UPDATE Thursday 2:10 p.m. EST:
A group of Senate Democrats on Thursday sent a letter to President Trump urging him to veto a bill that rolls back an FCC regulation and would allow internet service providers to share consumers' search histories.
More than 40 senators, led by Senate Minority Leader Chuck Schumer (D-NY), signed the letter. They argued that the bill would "seriously undermine the privacy protections” of internet users.
"The data protected under the rule includes information such as one’s social security number, email contents, web browsing history, precise geo-location, application usage, data about consumer’s health and finances, and even data about their children," the Senators wrote.
"Reversing these landmark privacy protections would be the antithesis of a pro-consumer Administration," they added.
The House of Representatives voted Tuesday to roll back Internet privacy protections that were approved by the Federal Communications Commission (FCC) in the waning days of the Obama administration, according to CNN. The House vote comes after the Senate had voted to also undo the rules last week. Next, the resolution lands on Trump's desk, and the White House says it "strongly supports" the repeal.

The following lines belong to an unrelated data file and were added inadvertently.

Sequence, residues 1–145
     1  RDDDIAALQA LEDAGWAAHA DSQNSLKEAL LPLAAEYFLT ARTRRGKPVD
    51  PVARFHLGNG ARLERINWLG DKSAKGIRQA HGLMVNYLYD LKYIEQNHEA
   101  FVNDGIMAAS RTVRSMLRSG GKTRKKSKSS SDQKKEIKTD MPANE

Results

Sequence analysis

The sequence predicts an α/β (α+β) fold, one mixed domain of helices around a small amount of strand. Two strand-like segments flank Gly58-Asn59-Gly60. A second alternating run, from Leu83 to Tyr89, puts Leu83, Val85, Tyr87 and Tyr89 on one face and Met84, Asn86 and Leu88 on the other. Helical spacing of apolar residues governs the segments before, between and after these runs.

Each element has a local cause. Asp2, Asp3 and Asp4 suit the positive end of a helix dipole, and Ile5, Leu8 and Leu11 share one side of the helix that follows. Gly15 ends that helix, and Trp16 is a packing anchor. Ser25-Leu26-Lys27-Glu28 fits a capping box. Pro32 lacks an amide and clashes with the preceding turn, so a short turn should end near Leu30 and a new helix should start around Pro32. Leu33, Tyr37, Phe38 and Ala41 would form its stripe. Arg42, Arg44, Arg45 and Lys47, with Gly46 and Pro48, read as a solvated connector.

WATCH | The House votes to roll back internet privacy protections
Obama's rules, which had not gone into effect yet, would have required Internet service providers to get your permission before collecting and sharing your data, such as web browsing history, app usage and geo-location. The providers would have also needed to notify customers about the types of information collected and shared.